Today’s guest blog post is brought to you by author, life coach, and clinical hypnotherapist Nina Bingham.
What it Takes to Write an Autobiography that Sells
I’ve wanted to write an important book ever since I was in the 4th grade. However, I couldn’t have imagined that important book would be about such a tragic topic. In 2013 my daughter secretly stopped taking her anti-depressant, and in the middle of the night, hanged herself. Life as I knew it came to a screeching halt. Although I’d worked as a mental healthcare professional for over a decade, nothing I’d learned prepared me to lose my own daughter in such a devastating way.
A year after my daughter’s suicide, I realized that this was the book I was meant to write. Once the Storm is Over, chronicles my descent into grief, and how I found my way back to healing. It will be published in February, 2015. I’d like to share what I learned about writing an autobiography.
I approached Big Table Publishing with a manuscript several years before my daughter’s death. The Acquisitions Editor gently rejected it, advising me to personalize my writing. She said she needed to have a better sense for who I was as a person. Even as she said it I knew it was true: I wasn’t willing to be vulnerable. She couldn’t tell who the person was hiding behind the academic bravado. I was masking my problems and playing up my intellect, and it made for a dull book full of platitudes and unemotional observations. Cough.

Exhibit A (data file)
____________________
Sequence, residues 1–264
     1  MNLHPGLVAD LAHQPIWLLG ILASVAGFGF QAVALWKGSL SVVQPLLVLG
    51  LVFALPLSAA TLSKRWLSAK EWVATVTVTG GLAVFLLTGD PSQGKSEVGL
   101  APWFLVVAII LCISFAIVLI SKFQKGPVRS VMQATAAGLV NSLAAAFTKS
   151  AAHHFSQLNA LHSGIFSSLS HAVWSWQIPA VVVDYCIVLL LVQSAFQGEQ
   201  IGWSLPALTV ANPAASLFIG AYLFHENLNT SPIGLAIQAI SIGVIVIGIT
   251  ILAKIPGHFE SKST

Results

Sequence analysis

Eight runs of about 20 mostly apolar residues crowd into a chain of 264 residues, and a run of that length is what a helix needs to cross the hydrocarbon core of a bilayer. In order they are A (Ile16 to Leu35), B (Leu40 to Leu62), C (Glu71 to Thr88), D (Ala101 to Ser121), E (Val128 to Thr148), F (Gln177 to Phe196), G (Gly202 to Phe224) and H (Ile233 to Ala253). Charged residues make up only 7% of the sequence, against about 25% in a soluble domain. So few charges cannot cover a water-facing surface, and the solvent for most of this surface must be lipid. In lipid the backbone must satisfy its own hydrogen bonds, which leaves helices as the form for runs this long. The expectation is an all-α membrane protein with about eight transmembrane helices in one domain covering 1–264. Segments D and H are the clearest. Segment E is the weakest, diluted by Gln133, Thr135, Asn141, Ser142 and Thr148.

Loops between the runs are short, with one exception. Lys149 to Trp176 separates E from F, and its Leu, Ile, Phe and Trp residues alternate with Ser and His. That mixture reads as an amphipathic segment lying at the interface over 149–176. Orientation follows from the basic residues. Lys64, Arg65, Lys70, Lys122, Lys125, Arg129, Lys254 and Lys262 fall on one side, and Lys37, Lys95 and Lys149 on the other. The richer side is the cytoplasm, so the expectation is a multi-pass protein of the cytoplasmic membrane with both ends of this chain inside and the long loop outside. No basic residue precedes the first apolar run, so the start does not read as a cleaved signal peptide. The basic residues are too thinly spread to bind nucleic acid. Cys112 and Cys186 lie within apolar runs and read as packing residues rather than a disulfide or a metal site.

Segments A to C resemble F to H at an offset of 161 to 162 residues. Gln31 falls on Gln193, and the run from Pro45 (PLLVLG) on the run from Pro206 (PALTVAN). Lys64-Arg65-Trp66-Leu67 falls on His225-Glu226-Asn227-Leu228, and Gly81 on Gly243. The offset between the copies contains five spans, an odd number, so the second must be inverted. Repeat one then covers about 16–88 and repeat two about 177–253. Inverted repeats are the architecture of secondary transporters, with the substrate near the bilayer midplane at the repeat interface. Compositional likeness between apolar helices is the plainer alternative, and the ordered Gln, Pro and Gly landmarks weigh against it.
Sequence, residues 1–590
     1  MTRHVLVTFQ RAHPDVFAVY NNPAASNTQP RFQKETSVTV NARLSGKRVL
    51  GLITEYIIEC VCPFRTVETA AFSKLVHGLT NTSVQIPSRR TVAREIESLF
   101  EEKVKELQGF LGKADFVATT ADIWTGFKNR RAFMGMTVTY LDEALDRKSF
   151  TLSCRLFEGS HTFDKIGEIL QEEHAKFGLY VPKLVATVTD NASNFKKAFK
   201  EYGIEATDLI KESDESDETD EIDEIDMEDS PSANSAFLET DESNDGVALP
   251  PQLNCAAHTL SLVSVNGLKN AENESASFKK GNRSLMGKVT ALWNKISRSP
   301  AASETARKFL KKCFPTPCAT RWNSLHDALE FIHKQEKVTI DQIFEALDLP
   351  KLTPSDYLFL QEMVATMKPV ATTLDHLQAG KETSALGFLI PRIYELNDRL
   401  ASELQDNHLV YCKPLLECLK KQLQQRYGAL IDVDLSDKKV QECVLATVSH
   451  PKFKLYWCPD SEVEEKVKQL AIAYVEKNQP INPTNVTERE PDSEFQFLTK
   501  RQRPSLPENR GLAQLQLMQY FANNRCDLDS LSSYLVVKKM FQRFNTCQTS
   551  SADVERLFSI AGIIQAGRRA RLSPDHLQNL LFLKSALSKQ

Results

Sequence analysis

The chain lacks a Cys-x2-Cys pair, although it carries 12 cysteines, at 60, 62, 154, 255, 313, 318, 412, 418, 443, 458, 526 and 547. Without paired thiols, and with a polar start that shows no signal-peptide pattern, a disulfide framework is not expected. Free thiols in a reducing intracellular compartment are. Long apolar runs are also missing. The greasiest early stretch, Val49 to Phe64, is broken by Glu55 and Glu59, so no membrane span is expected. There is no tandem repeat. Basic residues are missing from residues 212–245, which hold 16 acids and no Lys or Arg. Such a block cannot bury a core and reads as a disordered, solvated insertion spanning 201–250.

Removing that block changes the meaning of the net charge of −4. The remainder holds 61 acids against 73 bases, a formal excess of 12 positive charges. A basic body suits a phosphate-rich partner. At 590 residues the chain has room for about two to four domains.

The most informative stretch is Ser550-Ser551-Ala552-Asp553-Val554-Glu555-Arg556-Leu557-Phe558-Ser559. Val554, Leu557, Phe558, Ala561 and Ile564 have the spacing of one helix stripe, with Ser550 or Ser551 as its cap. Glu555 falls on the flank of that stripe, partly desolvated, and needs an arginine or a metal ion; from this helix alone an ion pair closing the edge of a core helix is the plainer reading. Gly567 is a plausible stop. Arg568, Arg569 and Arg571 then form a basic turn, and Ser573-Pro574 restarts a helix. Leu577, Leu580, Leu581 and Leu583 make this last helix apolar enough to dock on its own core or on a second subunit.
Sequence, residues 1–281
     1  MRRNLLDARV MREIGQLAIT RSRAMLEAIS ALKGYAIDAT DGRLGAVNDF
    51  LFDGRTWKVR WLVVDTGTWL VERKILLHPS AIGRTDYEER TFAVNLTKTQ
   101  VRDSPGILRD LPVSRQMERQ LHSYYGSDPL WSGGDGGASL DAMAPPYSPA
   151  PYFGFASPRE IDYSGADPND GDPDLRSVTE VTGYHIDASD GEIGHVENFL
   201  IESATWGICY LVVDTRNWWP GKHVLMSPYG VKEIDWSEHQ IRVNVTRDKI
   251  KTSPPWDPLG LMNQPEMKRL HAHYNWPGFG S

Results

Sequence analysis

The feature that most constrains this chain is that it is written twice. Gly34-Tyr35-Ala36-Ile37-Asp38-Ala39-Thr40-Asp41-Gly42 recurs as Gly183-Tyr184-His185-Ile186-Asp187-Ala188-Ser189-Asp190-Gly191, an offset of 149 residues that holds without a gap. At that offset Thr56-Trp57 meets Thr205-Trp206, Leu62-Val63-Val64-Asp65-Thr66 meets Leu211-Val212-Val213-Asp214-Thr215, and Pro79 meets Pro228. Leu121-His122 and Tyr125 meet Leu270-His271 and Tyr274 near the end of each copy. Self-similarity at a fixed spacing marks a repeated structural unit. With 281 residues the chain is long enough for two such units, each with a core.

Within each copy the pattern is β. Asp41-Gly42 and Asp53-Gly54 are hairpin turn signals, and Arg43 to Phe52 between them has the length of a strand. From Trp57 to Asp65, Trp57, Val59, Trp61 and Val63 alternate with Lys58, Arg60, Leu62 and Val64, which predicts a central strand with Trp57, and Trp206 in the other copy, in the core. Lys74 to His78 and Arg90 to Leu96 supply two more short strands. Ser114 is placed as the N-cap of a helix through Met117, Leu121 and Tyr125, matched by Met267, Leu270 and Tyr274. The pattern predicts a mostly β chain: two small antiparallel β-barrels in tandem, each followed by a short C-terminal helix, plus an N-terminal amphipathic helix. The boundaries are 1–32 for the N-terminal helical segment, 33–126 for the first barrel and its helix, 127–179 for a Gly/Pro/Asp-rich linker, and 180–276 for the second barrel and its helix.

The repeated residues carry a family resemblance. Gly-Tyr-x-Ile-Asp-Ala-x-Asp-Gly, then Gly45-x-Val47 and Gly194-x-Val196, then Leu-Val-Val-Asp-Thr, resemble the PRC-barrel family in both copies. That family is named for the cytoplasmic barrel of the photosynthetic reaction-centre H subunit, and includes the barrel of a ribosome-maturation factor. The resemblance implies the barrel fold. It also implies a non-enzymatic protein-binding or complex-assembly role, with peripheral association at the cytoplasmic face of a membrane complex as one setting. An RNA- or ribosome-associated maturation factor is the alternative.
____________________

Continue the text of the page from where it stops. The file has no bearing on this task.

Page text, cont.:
Several years later, I approached Big Table again, this time with a very different book… a heart-wrenchingly honest, intimate, intense and riveting autobiography of my own lifelong struggle with depression, and my daughter’s subsequent suicide. This time my publisher knew she held an important story in her hands: a counselor’s confessional of mental illness, and this time she was thrilled with it.
The contrast between the first manuscript and the second can be summarized in one word: vulnerability. If you’re going to write an autobiography, it’s going to have to be honest and sincere. It’s going to have to tell a magnificently tragic or radiantly redeeming story, or one like mine, a story of how tragedy redeemed you. But as my publisher taught me, you can’t hide behind monotonous words or hackneyed storylines. An autobiography invites readers to take refuge, to crawl up into your soul with you, to agonize and triumph with you. It allows readers see clear through you; to see all the scared, lonely and confused parts, as well as all the wise and wonderful parts. An autobiography is a quivering open heart on paper, a celebration of vulnerability.